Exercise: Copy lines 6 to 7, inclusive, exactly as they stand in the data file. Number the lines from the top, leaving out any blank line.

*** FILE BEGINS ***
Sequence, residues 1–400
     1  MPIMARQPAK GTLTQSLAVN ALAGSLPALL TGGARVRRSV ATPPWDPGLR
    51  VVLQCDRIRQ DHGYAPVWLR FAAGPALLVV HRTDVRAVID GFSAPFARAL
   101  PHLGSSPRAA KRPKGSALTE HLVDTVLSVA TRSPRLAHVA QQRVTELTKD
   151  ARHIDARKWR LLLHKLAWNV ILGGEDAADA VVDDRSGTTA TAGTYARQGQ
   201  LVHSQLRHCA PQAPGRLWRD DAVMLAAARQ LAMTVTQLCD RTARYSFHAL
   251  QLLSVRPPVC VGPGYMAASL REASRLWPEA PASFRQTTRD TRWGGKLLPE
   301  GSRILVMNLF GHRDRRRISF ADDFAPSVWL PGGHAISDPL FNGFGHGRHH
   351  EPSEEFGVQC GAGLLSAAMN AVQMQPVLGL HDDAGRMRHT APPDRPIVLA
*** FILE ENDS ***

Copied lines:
   201  LVHSQLRHCA PQAPGRLWRD DAVMLAAARQ LAMTVTQLCD RTARYSFHAL
   251  QLLSVRPPVC VGPGYMAASL REASRLWPEA PASFRQTTRD TRWGGKLLPE